Jonathan Patrick O’ Brien & Hallie Dizdarevic in The Crucible. Photo by Crystal Rae Ludwick.
By Arthur Miller
Directed by Charlie Sexton
Review by Keith Waits
Entire contents are copyright © 2017 Keith Waits. All rights reserved.
Arthur Miller’s The Crucible, written as a parable for a specific time, seems to strike such a deep and resonant chord that its themes are universal and always relevant. The historical setting is Salem, Massachusetts and the infamous 18th-century witch trials, but Miller had the 1947 House Un-American Activities Committee on his mind.
Which, I suppose, is very sad. We should hope for a world in which the self-righteous paranoia displayed here would have been replaced by progressive thinking, but Miller was obviously tapping into deep-set, inherent trends in American Democracy and Fundamentalist religion.
The story is drawn from history, a period of hysteria in which dozens of men and women were executed by hanging for being accused of witchcraft. Miller emphasizes that the accusations originate from young girls with motivations something less than pure, and the zealotry of the puritan judiciary reacts with a logic bent by arrogant righteousness. In possession of the truth, but compromised by his own transgressions, farmer John Proctor (Jonathan Patrick O’Brien) only gets involved when his devout and highly principled wife Elizabeth (Hallie Dizdarevic) stands accused.
When Governor Danforth (Charlie Sexton) arrives to hold court in act two, the reasoning behind his judgments is an indictment of self-serving, governmental bureaucracy. The frustration we feel watching the truth become devalued and subsumed is profound, reflecting the fetishistic trumpeting of “alternative facts” and “fake news” that obfuscates current social discourse.
At a preview before opening, the production seemed to be still finding its footing, and the early scenes, at times, felt a little stiff. Hallie Dizdarevic’s Elizabeth starts off so unyielding as to be off-putting, and Frances Rippy makes Abigail more calculating than is common, downplaying the carnal passion as motivation that is often emphasized. To see her manage Mary Warren’s (Brooklyn Durs) efforts to testify honestly in the court, cruelly drawing her back into the fold with arms opened wide, is a chilling reminder where the true power rests in the play.
But The Crucible’s emotional impact arrives on more personal and intimate terms. In the final scenes, the integrity and dedication of Jon and Elizabeth Proctor are put to the test when the stakes are highest, and, in the forceful and emotionally raw performances of O’Brien and Dizdarevic in these moments, the play realizes its potential as drama, achieving a direct, visceral connection with the audience. The characters are stripped down to their essential elements at this point and draw our empathy with power.
Among the supporting cast, Joseph Heberle distinguishes himself as Giles Corey, and Mitchell Martin captures the helplessness in Reverend Hale’s struggle to cope with the great injustice unfolding around him. Field Oldham adopts an unfortunately self-conscious growl as Judge Hawthorne, while Alec Elmore acquits himself admirably as Reverend Parris, the ineffectual local minister. Brooklyn Durs is memorable as Mary Warren, a crucial character.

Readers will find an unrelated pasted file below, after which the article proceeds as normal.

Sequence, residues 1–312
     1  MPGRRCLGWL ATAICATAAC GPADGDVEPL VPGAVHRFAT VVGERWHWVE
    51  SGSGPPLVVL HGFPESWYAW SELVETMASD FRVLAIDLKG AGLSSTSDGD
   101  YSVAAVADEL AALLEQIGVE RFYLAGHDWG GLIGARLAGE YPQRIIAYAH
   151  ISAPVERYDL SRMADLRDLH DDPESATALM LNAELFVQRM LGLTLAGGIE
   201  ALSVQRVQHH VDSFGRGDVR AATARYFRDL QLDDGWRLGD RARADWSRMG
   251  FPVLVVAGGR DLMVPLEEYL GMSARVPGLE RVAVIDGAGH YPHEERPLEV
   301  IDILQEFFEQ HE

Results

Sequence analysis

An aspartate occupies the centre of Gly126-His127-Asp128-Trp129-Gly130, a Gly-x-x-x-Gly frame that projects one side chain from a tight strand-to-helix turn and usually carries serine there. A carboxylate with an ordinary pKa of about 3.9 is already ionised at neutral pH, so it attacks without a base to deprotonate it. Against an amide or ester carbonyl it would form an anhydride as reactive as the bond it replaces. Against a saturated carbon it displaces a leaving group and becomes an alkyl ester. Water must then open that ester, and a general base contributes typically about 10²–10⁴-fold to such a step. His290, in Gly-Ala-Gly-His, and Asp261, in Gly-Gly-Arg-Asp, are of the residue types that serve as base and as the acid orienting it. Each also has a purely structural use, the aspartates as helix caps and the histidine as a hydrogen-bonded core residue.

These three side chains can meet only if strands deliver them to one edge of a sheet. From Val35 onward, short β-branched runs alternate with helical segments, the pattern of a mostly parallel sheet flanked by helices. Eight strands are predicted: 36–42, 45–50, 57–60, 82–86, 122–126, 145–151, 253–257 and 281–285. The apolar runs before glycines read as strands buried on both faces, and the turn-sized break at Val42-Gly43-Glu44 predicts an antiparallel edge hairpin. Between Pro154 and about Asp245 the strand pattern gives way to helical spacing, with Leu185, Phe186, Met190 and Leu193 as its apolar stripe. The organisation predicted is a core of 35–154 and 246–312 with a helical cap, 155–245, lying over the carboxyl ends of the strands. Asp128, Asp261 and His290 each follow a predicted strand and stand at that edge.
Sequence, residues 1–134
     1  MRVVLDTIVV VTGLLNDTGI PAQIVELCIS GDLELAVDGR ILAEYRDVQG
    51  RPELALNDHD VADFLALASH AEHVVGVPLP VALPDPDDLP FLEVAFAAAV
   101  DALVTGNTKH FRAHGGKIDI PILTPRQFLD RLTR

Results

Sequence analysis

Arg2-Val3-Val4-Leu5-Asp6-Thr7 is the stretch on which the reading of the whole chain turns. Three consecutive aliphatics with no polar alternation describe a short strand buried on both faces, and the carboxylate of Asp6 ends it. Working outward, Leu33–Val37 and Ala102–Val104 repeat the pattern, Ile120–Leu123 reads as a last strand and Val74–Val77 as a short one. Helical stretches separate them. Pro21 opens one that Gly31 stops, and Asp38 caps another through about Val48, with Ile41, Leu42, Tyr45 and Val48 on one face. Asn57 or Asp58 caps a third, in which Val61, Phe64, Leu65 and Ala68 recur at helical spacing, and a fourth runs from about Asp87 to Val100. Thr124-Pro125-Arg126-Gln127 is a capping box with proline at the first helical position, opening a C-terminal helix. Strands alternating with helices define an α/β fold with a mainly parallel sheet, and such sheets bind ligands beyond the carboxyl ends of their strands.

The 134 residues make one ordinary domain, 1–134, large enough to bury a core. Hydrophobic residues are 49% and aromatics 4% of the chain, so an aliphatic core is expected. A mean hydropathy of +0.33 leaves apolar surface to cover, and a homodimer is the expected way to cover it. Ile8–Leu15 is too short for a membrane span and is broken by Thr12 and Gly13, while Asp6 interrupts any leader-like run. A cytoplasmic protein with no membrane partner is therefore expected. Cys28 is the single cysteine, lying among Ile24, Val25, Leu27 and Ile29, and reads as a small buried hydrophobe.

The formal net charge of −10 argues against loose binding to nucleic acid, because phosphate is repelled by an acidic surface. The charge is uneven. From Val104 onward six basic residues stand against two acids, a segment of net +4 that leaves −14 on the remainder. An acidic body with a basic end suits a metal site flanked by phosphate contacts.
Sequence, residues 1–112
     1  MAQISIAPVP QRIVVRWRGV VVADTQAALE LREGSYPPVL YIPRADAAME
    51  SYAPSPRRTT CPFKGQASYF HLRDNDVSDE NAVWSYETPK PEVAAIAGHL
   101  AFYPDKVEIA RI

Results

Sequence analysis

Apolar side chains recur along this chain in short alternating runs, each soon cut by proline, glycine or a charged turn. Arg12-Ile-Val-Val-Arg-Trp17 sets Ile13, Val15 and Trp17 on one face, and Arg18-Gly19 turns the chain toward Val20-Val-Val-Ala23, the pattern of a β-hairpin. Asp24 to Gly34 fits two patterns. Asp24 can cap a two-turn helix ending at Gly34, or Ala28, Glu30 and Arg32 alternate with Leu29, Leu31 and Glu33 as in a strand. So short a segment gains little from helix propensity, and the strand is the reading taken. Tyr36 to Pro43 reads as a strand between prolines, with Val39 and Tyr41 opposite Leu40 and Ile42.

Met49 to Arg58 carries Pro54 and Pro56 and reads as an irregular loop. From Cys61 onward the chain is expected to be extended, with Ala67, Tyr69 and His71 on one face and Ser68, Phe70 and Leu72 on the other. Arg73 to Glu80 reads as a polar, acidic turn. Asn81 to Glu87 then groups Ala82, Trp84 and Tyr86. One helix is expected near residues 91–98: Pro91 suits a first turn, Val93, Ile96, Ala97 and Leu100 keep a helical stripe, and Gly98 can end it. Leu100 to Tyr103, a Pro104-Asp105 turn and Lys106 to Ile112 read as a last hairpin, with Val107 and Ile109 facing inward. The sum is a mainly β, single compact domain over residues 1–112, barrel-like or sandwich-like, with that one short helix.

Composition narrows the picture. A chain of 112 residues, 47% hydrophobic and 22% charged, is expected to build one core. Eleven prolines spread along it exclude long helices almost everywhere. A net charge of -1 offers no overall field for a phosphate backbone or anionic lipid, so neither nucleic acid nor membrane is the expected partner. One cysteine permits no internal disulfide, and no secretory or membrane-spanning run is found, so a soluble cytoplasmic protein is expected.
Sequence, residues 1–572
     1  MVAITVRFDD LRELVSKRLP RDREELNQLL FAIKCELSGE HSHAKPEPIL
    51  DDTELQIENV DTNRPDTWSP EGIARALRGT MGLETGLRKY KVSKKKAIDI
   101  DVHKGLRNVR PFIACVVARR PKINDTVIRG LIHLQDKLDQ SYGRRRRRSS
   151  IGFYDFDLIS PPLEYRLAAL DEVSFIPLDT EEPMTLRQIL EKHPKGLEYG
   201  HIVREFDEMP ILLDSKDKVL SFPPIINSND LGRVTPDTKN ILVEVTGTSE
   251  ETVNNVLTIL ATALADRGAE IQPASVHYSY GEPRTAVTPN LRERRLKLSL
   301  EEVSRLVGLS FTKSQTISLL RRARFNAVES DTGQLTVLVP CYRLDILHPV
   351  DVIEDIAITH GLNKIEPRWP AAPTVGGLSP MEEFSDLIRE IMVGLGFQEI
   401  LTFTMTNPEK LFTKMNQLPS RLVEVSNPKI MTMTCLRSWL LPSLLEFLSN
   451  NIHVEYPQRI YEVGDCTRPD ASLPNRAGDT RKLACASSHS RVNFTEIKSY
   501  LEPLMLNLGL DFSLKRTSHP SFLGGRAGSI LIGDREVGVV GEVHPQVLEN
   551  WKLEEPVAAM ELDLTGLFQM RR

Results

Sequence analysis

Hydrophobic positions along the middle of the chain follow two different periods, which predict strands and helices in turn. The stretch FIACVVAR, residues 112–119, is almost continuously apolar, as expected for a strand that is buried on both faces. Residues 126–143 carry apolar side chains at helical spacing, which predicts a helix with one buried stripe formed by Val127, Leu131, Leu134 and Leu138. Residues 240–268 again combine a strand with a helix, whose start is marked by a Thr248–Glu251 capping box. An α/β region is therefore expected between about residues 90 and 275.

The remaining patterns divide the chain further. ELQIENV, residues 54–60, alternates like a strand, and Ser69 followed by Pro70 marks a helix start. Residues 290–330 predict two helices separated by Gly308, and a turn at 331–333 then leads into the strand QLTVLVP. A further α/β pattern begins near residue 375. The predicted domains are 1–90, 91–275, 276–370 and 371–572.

The costumes, by Lauren Woods, effectively evoke the period but also seem to communicate a contemporary perspective. A stiff, formal profile is given to the magistrates and religious leaders, while Abigail’s blue-gray palette frame her cold, unforgiving manipulative character. John Proctor wears rich earth tones that speak to his common, unpretentious nature, but also remind us that virtue may be weighted by feet of clay.
In the end, even Danforth may question the tragic events and the numbers he has put to death, but he also expresses the natural tendency of self-righteous bureaucrats to protect their own reputations in the name of the state:
“Now hear me, and beguile yourselves no more. I will not receive a single plea for pardon or postponement. Them that will not confess will hang. Twelve are already executed; the names of these seven are given out, and the village expects to see them die this morning. Postponement now speaks a floundering on my part; reprieve or pardon must cast doubt upon the guilt of them that died till now.”
Righteousness is a path to grave injustice. Danforth’s power fails if he pardons or reprieves because it based on lies, and the prophetic aspect of Miller’s tale hits home in this moment in ways that are unmistakable to anyone in 2017.
October 12, 13, 14, 19, 20, & 21 @ 7:30
October 14 & 21 @ 2:00pm
Commonwealth Theatre Center
Nancy Sexton Stage
1123 Payne Street
Louisville, KY 40204
Keith Waits is a native of Louisville who works at Louisville Visual Art during the days, including being the host of PUBLIC on WXOX-FM 97.1/ ARTxFM.com, but spends most of his evenings indulging his taste for theatre, music and visual arts. His work has appeared in Pure Uncut Candy, TheatreLouisville, and Louisville Mojo. He is now Managing Editor for Arts-Louisville.com.